JUNE 16, 1886 VANDERBILT UNIVERSITY COMMENCEMENT DAY PROGRAM (WOMEN'S STUDIES INTEREST)
Nashville, TN: Brandon Printing Co., 1886. First Edition, First Printing. Original wraps. 6 X 9 1/21 Inches. 4 PP. Very Good. Item #2544
Very scarce original Vanderbilt University Commencement Day "Programme of Exercieses" for Wednesday, June 16, 1886. Single sheet (folded). The family names listed include those such as Hume, Meade and Crockett - a who's who of Tennessee. A few of the most interesting names included in the Awards are those of William Wirt Hastings (Indian Territory) and Miss Willie May Anderson (one of the first female students allowed at the University). William Wirt Hastings went on to preside over the first Democratic Convention in the Indian Territory and served at the Official Delegate of the Cherokee Nation to Washington. Hastings was member of the US House of Representatives and was an integral advocate for Indian rights at the turn of the Century.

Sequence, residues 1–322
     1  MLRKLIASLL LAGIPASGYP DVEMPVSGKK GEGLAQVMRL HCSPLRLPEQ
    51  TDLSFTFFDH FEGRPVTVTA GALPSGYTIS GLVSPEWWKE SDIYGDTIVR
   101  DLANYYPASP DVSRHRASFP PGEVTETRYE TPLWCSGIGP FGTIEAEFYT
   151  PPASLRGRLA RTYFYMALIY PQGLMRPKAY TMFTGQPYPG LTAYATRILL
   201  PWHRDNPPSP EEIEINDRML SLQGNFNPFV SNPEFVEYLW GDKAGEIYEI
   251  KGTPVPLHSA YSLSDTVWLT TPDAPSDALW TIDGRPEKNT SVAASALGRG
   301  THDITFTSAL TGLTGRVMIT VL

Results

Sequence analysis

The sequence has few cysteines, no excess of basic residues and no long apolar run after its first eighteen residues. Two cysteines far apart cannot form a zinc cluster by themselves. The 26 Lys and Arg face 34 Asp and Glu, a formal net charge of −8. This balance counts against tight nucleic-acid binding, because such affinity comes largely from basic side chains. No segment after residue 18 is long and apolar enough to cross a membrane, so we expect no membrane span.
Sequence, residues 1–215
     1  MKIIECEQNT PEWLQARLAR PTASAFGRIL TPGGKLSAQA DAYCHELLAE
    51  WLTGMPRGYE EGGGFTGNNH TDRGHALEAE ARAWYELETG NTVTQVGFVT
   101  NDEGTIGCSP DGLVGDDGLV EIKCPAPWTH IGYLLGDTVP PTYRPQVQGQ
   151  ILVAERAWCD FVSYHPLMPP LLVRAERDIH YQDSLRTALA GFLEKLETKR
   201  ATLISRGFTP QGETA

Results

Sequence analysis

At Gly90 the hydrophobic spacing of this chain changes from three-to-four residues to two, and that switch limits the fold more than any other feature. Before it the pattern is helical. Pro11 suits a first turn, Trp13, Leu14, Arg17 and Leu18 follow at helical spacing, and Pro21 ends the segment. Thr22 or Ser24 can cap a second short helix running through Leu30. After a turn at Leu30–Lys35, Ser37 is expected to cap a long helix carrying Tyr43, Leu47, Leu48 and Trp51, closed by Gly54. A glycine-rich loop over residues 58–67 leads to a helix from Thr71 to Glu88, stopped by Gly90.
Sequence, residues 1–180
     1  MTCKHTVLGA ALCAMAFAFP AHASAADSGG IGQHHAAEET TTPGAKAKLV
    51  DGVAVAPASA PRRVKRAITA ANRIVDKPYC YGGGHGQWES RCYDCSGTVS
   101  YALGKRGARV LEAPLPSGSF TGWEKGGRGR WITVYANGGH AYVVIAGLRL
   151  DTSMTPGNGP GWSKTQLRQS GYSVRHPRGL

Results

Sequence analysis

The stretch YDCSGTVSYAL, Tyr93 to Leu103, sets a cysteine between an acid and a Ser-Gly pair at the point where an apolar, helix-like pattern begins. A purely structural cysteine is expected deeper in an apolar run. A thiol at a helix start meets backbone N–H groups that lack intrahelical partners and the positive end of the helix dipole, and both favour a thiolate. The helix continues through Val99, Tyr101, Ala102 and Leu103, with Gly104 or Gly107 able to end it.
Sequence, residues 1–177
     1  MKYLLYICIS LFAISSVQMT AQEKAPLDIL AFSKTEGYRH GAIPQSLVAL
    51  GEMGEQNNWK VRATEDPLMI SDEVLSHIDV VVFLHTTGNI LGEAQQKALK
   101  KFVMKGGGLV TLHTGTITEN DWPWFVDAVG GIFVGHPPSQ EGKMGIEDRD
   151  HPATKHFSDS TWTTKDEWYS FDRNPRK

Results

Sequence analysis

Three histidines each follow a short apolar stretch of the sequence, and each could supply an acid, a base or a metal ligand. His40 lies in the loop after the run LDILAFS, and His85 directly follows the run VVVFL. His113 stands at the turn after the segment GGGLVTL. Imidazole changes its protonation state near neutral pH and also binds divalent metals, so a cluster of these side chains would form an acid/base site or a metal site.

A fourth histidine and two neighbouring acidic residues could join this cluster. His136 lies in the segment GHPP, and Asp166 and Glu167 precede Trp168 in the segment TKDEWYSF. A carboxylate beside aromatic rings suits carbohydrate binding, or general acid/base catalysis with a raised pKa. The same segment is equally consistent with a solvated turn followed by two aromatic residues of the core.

While Vanderbilt had previously allowed Miss Kate Lupton to "Listen" in on classes and take exams, she was essentially barred from any public recognition of a degree she received in 1879. Only a few women attended classes at Vanderbilt between 1876 and 1886. This commencement address proves that a "Miss Willie May Anderson" was one of those female "listeners". Until 1892 women who attended classes at Vanderbilt were not recognized as students. They were allowed to access the school and attend classes by some sort of priviledge and/or favor system. Between 1892 and 1901 women worked their way into the system at Vandy and were provided much of the same exposure and recognition as men. This particular University publication documents the fact that as early as 1886 women were making their mark at the University. It also exhibits that in only seven years, the University went from providing a diploma in private to publicly recognizing a female student "listener".
Hint of wear at edges and faint fold-marks.